Ross Carver is a police inspector in San Francisco. He and his partner, Cleveland Jenner, investigate a report that a blood-covered guy inside a house is beating a bedroom window. A few minutes after the report is made, the man had turned into a pile of cooked meat. By the time Carver and Jenner arrive, the dead man is a pile of moss. A few minutes later, the feds have Carver and Jenner in decontamination and are burning down the dead man’s house. And after that, they don’t remember a thing. In fact, they don’t remember responding to the call.

Before their memories disappeared, Carver and Jenner were investigating Patrick Wong, who has now disappeared. Jenner thinks he interviewed Wong, although he doesn’t recall the details. They wanted to talk to Patrick Wong so they could find Johnnie Wong, who may have murdered a singer named Hadley Hardgrave. The story eventually circles back to that murder.

Carver gets an assist from a neighbor named Mia who appears to be agoraphobic, but Carver, and thus the reader, doesn’t know whether anything about Mia can be trusted. Such is the nature of conspiracy novels. In fact, part of the fun of a conspiracy novel is guessing which characters are part of the conspiracy. In The Night Market, puzzling out how the conspiracy works is also part of the fun.

The ending of The Night Market is surprising. It’s also surprisingly creepy. The novel as a whole is sufficiently convincing to be chilling, while Jonathan Moore’s crisp prose style creates a dark blend of uncertainty and suspense. You don’t need to be a science fiction fan to enjoy this near-future thriller; it’s like a Ludlum novel with fewer words, stripped to its bare essentials.



Fade-Out by Patrick Tilley

First published in Great Britain in 1975; published by Bloomsbury Reader on December 14, 2017

Fade-Out was published in 1975, a simpler time when “the boys in the lab” solved the Earth’s problems while “the girls” were laying around getting “a nice suntan.” The novel has a dated feel that is enhanced by foreign policy debates about how the United States should handle the monolithic Soviet Union. The Berlin Wall came down only 14 years after Fade-Out was published. How quickly times change.

I’m not sure Fade-Out warrants Bloomsbury’s claim that it’s a “classic” that is “often copied by others.” In fact, the novel reprises First Contact themes have been an integral part of science fiction since at least the 1940s. At the same time, by the novel’s end, Fade-Out does have the feel of a classic, even if it’s a forgotten classic.

The book’s title refers to a “fade out” of radio wave reception that begins to afflict all parts of the Earth, albeit at different times. The boys in the lab figure out that something in orbit is causing the problem. They can’t see the thing, but they can detect it on radar. They are pretty sure it’s a ship and they surmise that the fade-out occurs when its propulsion system is activated. The boys in the White House reluctantly decide that the ship is of extraterrestrial origin, although they would prefer to blame the Russians.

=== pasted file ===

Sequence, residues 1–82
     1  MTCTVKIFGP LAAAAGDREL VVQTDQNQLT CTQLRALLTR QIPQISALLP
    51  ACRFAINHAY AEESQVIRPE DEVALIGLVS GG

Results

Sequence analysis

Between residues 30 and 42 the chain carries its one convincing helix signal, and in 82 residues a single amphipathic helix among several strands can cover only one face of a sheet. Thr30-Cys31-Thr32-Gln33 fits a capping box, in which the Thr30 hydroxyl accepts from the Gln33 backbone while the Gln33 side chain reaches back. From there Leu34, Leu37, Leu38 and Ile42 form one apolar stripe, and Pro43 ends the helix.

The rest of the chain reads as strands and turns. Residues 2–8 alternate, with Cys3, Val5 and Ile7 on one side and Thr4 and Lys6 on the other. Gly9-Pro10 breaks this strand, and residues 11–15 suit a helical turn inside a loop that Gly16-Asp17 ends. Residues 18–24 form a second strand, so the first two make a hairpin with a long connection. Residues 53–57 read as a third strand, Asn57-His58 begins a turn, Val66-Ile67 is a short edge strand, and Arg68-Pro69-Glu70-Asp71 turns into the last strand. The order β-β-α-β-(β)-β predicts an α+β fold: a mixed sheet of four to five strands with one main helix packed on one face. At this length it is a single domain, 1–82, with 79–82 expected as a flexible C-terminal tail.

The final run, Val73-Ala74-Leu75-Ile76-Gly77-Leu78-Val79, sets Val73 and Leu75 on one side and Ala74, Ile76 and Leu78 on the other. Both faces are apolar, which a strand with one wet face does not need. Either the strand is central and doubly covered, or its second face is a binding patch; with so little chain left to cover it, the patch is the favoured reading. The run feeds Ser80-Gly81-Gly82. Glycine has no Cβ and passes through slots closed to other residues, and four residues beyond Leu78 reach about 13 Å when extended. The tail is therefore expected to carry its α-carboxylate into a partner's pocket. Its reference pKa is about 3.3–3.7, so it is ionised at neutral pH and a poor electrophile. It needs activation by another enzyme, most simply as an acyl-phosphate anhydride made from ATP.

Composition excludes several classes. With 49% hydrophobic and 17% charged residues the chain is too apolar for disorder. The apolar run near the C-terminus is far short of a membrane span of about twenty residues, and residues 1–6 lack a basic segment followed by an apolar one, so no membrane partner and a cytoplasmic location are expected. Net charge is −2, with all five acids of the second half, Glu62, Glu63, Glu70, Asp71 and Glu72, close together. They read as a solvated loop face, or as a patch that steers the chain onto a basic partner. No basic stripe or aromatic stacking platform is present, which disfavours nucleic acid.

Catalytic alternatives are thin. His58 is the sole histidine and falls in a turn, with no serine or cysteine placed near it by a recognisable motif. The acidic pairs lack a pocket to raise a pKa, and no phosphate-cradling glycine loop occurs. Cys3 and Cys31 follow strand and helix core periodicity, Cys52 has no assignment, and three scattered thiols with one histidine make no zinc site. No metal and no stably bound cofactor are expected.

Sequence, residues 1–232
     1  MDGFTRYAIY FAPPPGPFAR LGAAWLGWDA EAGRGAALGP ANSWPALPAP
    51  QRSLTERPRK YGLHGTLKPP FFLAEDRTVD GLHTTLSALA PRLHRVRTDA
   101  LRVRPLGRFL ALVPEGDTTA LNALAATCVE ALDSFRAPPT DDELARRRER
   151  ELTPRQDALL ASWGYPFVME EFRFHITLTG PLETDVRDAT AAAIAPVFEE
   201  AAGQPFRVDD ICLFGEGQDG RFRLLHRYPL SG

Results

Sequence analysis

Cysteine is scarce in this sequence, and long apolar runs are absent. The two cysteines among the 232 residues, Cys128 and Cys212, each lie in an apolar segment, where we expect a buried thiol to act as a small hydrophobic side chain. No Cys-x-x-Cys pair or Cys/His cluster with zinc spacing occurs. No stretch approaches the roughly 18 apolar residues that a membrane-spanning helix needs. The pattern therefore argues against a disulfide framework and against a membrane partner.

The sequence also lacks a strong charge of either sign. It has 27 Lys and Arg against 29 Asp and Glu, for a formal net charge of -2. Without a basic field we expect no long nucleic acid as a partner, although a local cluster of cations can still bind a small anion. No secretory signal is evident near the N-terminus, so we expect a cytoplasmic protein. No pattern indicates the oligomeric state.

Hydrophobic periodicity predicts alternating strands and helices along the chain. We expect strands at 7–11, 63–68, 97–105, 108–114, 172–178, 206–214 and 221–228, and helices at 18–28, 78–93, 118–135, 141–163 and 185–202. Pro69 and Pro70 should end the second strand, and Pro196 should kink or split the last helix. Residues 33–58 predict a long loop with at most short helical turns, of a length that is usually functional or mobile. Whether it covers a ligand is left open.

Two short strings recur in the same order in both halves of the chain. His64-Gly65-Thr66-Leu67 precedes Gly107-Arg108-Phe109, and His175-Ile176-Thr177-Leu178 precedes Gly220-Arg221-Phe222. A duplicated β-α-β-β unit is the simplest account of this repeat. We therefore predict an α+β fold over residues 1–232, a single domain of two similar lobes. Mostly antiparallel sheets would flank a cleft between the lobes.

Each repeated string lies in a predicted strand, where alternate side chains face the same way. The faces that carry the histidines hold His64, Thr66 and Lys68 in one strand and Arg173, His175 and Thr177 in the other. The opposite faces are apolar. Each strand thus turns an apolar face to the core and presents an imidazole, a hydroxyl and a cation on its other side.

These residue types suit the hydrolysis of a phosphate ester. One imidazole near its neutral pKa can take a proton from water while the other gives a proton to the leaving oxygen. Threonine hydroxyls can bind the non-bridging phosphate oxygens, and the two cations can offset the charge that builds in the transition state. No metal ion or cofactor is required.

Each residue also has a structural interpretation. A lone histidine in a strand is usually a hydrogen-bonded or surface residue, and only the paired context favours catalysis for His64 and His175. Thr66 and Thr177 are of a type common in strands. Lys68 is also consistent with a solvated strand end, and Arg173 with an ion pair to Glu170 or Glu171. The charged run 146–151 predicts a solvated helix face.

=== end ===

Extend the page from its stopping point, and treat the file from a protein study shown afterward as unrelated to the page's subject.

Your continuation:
The book’s initial chapters describe the political debate that surrounds the ET contact. Of course, the military wants to blow the ship out of the sky. More rational minds believe that starting an interstellar war would be unwise, but the conflict then revolves around the degree to which the United States should cooperate with Russia in addressing an alien presence. That debate intensifies when the fade-out continues after the ship buries itself in Montana.

Eventually we learn something about the ship (they name it Crusoe), and about the (apparently) big mechanical spider that exits from it (they name it Friday). Even the supposedly rational minds do precious little to communicate with the ET. They’re more intent on capturing Friday, or at least immobilizing it while they explore Crusoe. To that end, they do a number of things that would seriously piss off a human, apparently without considering that antagonizing an alien isn’t a smart approach to First Contact.

In any event, the humans who do manage to get inside Crusoe … well, I won’t give it away, but what they find isn’t what any of their team expected. Their close encounter of a very different kind sets the novel apart from others that have followed the same path.

The characters take occasional breaks to discuss philosophy (the nature and purpose of the universe, whether there’s an afterlife) and to debate scientific theories (the big bang versus the steady state theory, another aspect of the story that now feels dated). None of their musings add anything noteworthy to the story, except for the notion that lots of people don’t want to know the answers to the big questions, because the answers might unsettle their lives. One of the science-minded characters also accepts as fact some “scientific” theories about pyramids that have been debunked, and while that’s a small part of the story, it contributes to the novel’s dated feel.

I recommend the novel to fans of books (like The Martian) that feature scientists and engineers trying to puzzle out solutions to problems (like how to drop a bomb on a craft that disrupts electrical energy). Despite its dated feel, the story is reasonably convincing, and it ratchets up tension rather remarkably in the last 50 pages in a way that reminded me of the classic novel Fail-Safe. The ending is nicely ambiguous, which will bother readers who want everything spelled out for them. I was pleasantly surprised that the plot did not resolve in a more definitive way and that a couple of important loose ends were never explained. The rest of the book is good in sort of a predictable way, but to my mind the last chapter makes Fade-Out stand out. From the perspective of 2018, Fade-Out manages to be both dated and timeless.



How to Stop Time by Matt Haig

First published in Great Britain in 2017; published by Viking on February 6, 2018